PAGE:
Good Architecture is something that is derived from many factors, and personally, I believe those factors include the experience of the inhabitant and the context as to which the project will reside in. Without understanding the surrounding environment, one can not accurately design an architectural experience. Every project is an extension of the city, the neighborhood, and the street it exists on. Architecture is not just some still box that is meant to be admired from the outside, instead architecture should be a designed, aesthetic space made for any visitor to have their own experiences in it. By combining the culture and context of the site and designing for spatial experiences, the result is more likely to be a responsive product that contributes to the city it will exist within.
London Bike Shelter, Spring 2011
Monaco Car Dealership, Fall 2011
Back-Yard Care Cabin, Fall 2012
MCC Penn Valley Expansion, Fall 2012
University of Kansas Field Station, Spring 2012
New Orleans Culinary Incubator Lab, Spring 2013
This studio focused on not only the overall design of a project in New Orleans, but also all of the details that go into the project itself. Another major aspect of this studio was understanding the culture of New Orleans, and incorporating the needs of the community into this. Overall, the idea of this project was to create a place where the exploration of new ideas, experimentation and the creation of forward-thinking solutions for food production and city life happens.
New Orleans Culinary Incubator Lab Spring semester 2013
20 30 40 300
50 60 70 80
Jan average temperature range
Mar average monthly precipitation
100 90 80 70 60 50 40 Jan
Mar May Jul Sept Nov Apr Jun Aug Oct Dec
think tank: 6000 sf
tool lending library: 500 sf
demonstration gardens: 800 sf
commissary for food trucks: 1500 sf
Libertyâ€™s Kitchen: 4000 sf
community access wood and bike shop: 500 sf seed bank: 800 sf
Whole Foods grocery: 20,000 sf the stop:1500 sf
commercial kitchen: 6000 sf
business incubator: 3000 sf
fresh foods grocery: 1500 sf This culinary incubator/lab will exist to serve the community by providing programs that educate on healthy food choices, growing and buying local food, and reaching out to disadvantaged members of the community. Some of the programs that will be incorporated into this project are Libertyâ€™s Kitchen, The Stop, and the idea of mobile urban farming. All of these programs reach out to the community by either helping the disadvantaged youth, or providing classes and workshops that educate the community on local foods. Some of the other programs that will be
developed include a commercial kitchen and business incubator which will help young entrepreneurs advance their culinary careers. Another major aspect of this project will be the site design. One of the major inspirations I gathered from the site was the graffiti on the existing building. Many of the surrounding buildings also had different types of graffiti art which is why I am bringing that idea of graffiti and bold graphics into the site. Local artists will be able to come and have designated spaces to put up their artwork. This site will
become very industrial in nature and promote the idea of gathering the community weather it is for an urban farming project or to skate the new contours of the site.
breaking out into the community
summer sum mmer mer sun su un
M is sis sip pi Riv er
1 mi ile
existing building plan
Iso Wall Detail
steel roof membrane
zeeps structural system
exterior sheathing, 2” oriented strand board 5” expanded polystyrene rigid insulation 3” metal roof deck and concrete in fill W steel beam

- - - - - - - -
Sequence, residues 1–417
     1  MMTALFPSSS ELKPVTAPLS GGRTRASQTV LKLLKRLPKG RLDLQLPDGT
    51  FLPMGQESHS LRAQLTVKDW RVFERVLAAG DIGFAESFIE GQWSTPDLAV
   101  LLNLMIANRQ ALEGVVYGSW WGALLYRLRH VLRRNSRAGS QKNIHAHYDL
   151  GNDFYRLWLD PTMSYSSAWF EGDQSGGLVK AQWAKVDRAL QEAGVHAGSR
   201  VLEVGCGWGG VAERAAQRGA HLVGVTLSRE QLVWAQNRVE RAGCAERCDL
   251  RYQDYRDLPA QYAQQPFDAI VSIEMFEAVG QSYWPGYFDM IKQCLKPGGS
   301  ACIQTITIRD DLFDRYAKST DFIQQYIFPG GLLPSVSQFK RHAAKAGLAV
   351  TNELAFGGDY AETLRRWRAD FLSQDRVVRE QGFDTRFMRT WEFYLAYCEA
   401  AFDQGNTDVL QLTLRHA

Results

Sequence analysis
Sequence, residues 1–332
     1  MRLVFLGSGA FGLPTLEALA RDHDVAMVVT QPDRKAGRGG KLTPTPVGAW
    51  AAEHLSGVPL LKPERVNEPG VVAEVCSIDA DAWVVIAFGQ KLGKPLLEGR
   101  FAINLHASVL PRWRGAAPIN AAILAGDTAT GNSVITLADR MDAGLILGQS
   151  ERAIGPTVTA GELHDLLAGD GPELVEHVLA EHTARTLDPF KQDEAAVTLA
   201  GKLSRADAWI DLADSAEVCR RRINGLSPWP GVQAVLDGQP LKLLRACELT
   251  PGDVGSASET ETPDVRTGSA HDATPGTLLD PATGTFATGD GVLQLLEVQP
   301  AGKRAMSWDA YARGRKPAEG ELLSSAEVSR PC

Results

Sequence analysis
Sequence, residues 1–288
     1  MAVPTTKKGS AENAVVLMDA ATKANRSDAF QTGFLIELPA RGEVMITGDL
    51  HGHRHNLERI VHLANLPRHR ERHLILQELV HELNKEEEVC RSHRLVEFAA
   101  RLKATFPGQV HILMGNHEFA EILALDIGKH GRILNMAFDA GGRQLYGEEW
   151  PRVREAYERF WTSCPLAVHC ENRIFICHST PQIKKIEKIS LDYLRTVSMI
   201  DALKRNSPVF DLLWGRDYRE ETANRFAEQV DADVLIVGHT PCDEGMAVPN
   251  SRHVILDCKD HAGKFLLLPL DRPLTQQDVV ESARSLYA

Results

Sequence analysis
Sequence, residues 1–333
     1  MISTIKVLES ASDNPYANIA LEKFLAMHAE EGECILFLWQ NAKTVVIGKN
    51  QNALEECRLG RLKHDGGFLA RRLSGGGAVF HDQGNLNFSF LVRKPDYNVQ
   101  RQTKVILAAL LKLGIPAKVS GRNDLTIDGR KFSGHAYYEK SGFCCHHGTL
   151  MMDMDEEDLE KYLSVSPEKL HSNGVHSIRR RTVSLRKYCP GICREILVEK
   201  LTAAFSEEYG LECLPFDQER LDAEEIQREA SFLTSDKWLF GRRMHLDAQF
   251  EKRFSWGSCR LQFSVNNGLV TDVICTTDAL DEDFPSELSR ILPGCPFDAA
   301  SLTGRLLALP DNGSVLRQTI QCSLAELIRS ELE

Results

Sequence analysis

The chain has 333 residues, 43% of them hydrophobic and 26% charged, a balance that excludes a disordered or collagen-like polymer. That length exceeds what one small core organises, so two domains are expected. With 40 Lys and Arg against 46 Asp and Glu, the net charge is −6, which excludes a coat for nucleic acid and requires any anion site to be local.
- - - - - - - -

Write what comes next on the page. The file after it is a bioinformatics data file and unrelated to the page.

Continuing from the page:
concrete backing wall thermal break thermal insulation glazing support corrugated steel panel stainless steel fixings corrugated plastic panel steel support brackets steel mesh walkway
concrete floor thermal insulation
compact crushed aggregate sub layer vapor barrier
image of the community roof gardens looking toward the Broad St. direction
image from Broad St. facing the new addition to the exisitng grocery store
image inside the â€œthink tankâ€? gallery space where artists can display work
DDI STUDIO design
DDI Studio is comprised of a set of University of Kansas architecture students in their third year of undergraduate study, mentored by architect Brad Satterwhite and industrial designer Chris Grill of KEM Studio. The hands-on studio focuses on the building of prototypes as a tool to refine design.
University of Kansas Field Station Keeven
For the first part of this project, we developed individual designs; this design concept was developed through a detailed study of biomimicry as related to architecture. The overall structure of this design arose from looking at structures in nature itself and from there, I developed the hexagonal pattern found in the study of photosynthesis. This became my focus when designing the greenhouse for the KU Field Station. This preliminary design allowed for our final, group-project design to incorporate more sustainable materials and look toward biomimicry for future design decisions.
Initial Design Concept
Large sliding doors provide for a couple of opportunities, first large vehicles and other equipment are able to move through the building; and second, the field station does many experiments with mesocosms that are held in large tanks twelve feet in diameter and the doors allow for these to be transported in and out of the building. To accommodate for pedestrian circulation and egress, there are also standard size doors and double doors. This plan allows one bay for preparation and three bays for work space. Each bay is about the size of a two-car garage.
2 Multi Purpose Space
3 Small Greenhouse
The tower allows for visitors to view the surrounding site and creates an important connection by establishing a visual line back to the University Campus. From the top of the tower, onlookers can view the outline of Frasier Hall, an iconic campus building that can be seen from miles away. At night, the view would be particularly impressive, because of the glowing lights of Lawrence and the haloeffect it creates. The tower also allows the Field Station to harvest wind energy and bring internet access to this rural part of town, possible sources of revenue for the Field Station to subsidize the cost of experiments.